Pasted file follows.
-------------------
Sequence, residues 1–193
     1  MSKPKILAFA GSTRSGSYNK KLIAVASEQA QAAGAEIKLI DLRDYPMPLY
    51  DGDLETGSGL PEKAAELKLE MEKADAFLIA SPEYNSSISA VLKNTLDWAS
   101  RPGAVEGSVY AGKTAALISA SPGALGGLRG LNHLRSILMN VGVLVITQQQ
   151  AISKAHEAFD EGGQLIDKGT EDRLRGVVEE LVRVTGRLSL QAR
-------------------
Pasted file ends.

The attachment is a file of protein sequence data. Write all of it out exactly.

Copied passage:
Sequence, residues 1–193
     1  MSKPKILAFA GSTRSGSYNK KLIAVASEQA QAAGAEIKLI DLRDYPMPLY
    51  DGDLETGSGL PEKAAELKLE MEKADAFLIA SPEYNSSISA VLKNTLDWAS
   101  RPGAVEGSVY AGKTAALISA SPGALGGLRG LNHLRSILMN VGVLVITQQQ
   151  AISKAHEAFD EGGQLIDKGT EDRLRGVVEE LVRVTGRLSL QAR